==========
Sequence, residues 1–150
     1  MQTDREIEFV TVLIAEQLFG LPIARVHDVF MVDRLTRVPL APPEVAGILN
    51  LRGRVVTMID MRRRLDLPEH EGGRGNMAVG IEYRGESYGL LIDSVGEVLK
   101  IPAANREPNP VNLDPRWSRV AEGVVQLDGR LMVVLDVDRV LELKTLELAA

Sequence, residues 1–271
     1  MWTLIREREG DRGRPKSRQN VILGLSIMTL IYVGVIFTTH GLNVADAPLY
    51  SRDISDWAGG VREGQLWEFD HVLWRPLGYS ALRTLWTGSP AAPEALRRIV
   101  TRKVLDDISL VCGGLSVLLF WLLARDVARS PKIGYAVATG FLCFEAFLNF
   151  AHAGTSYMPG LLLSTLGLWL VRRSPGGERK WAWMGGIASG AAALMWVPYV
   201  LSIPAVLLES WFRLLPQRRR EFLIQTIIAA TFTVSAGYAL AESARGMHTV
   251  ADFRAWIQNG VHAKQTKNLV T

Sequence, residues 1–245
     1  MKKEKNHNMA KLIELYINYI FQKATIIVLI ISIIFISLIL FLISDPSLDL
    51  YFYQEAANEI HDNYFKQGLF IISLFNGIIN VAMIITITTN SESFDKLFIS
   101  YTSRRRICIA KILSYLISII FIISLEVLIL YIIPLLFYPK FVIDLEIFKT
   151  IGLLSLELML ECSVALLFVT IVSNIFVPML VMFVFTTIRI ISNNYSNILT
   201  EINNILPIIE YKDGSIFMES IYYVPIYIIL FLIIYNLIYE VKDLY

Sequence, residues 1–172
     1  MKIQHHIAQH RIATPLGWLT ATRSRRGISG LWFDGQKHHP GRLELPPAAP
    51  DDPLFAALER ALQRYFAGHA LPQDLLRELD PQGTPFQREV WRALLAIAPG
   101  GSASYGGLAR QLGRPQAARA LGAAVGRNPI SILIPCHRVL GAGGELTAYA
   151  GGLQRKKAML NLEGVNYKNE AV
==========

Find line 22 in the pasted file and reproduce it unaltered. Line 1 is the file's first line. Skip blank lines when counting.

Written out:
   151  GGLQRKKAML NLEGVNYKNE AV